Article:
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Annie Abbott "The Little Georgia Magnet" and the True Story of Dixie Haygood Paperback – May 19, 2010
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About the Author
Dr. Susan J. Harrington is a professor of information systems. She has published various history articles and books and over 25 scholarly articles. She has been researching Annie Abbott and Dixie Haygood for over 10 years. She, along with her husband Hugh T. Harrington, are the world’s experts on Dixie Haygood and Annie Abbott. She and her husband have published the seminal article on Annie Abbott in the “Georgia Historical Quarterly,” and their articles on Annie Abbott won “Best Article Series of 2003” in “The Linking Ring” magazine published by the International Brotherhood of Magicians. Hugh T. Harrington is an historian who has written many articles on American history and three books on the history of Milledgeville, Georgia: “Civil War Milledgeville: Tales from the Confederate Capital of Georgia,” “More Milledgeville Memories,” and “Remembering Milledgeville: Historic Tales from Georgia's Antebellum Capital.” His history work has appeared in “America’s Civil War,” “Georgia Backroads,” “Patriots of the American Revolution,” “The American Revolution,” “Southern Campaigns of the American Revolution,” “Carologue,” and “Muzzle Blasts,” among others. He is an expert on Sherlock Holmes and is a member of the Baker Street Irregulars with the investiture of “Wisteria Lodge.” His articles have appeared in many Sherlock Holmes publications.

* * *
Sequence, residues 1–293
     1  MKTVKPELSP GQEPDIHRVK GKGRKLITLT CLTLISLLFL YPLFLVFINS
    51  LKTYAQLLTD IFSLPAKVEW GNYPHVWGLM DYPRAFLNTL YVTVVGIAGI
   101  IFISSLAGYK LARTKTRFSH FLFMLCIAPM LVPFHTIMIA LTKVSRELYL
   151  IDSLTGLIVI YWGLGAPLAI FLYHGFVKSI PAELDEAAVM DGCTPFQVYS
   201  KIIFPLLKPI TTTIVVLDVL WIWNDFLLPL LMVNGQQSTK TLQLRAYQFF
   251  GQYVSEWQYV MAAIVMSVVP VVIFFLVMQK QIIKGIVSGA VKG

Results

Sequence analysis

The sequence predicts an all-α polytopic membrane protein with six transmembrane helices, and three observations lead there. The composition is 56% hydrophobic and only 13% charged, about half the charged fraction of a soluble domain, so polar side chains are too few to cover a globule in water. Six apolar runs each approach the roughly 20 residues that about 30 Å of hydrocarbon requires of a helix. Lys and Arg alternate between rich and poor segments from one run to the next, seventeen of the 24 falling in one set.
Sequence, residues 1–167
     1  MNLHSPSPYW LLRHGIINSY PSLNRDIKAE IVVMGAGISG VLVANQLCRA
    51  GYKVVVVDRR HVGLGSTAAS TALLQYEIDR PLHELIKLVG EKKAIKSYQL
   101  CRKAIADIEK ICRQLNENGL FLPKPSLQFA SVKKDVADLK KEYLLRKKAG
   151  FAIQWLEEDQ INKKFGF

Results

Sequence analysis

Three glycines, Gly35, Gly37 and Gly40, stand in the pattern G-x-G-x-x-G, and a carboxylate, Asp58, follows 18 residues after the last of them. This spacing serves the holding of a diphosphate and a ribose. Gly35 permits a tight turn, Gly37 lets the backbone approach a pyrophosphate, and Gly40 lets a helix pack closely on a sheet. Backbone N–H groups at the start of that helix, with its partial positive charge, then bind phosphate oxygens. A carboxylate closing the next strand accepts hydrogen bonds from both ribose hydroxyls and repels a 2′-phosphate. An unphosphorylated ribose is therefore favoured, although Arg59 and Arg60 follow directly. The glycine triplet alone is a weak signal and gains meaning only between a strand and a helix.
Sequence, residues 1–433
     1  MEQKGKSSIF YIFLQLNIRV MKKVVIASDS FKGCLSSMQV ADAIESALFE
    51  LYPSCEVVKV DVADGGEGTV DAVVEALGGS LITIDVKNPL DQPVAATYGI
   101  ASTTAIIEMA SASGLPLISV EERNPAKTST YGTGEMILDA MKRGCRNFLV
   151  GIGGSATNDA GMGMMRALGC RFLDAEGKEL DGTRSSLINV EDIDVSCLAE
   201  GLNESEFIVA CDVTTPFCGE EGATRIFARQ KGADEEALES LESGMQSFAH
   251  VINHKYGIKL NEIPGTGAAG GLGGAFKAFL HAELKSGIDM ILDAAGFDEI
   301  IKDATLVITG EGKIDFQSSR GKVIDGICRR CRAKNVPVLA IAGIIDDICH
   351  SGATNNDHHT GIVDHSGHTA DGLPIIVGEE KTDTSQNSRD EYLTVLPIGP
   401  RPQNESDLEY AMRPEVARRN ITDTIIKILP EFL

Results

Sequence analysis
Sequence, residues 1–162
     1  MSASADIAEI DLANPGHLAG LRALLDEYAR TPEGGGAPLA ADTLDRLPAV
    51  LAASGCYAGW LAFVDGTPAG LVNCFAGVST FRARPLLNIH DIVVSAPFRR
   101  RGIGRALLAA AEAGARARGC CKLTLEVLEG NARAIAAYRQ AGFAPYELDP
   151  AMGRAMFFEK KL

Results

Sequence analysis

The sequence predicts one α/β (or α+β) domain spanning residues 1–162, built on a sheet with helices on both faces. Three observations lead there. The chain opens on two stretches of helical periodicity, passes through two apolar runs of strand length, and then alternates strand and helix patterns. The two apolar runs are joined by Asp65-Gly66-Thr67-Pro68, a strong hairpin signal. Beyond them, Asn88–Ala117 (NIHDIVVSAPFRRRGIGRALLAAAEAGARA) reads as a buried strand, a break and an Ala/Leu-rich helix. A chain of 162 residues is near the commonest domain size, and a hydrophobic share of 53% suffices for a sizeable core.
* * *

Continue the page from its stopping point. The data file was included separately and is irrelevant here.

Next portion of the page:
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For the first time ever told, the real story of Dixie Haywood - the woman who became Annie Abbot, the Original Georgia Magnet. A magnifIcent biography of a Georgia country housewife who becomes world famous for her amazing powers that she displayed on the Vaudeville stage as well as the entanglement with all those other Annie's.
In the 1890's and 1900's, Annie Abbott, the stage name for tiny woman who played the The Georgia Magnet on stage could lift the largest boxer, topple over 1500 lbs of man flesh and knock a pile of big men out of a chair with a single finger. Interestingly enough, they couldn't lift her 98 lb body, or anyone else she gave her power to, through her touch.
Susan and Hugh Harrington do a fascinating job detailing the life of a Georgia housewife and how she transformed herself into a worldwide spiritual phenomenon; performing before the crowned heads of Eastern and Western Europe, as well as full tours of the U.S. Scientists and Doctors were convinced she either harnessed the natural power of electricity and animal magnetism, had some spiritual power, or used something like hypnosis or mesmerism. For many many years, no one knew just what power she harnessed.
Audiences went wild!
For a while, people believed she carried a galvanic battery on her person. You could simply touch her hand and feel the tingle of electrical current.
A group of women even stripped her down to the skin, made her take a bath and checked her physically for devices - they didn't find a single wire. They gave her handpicked clothes to wear, in case the electronics were sown inside. They checked beneath the stage for magnets, batteries, or any other devices. Nothing was found. After all this was done, she still retained all her capabilities.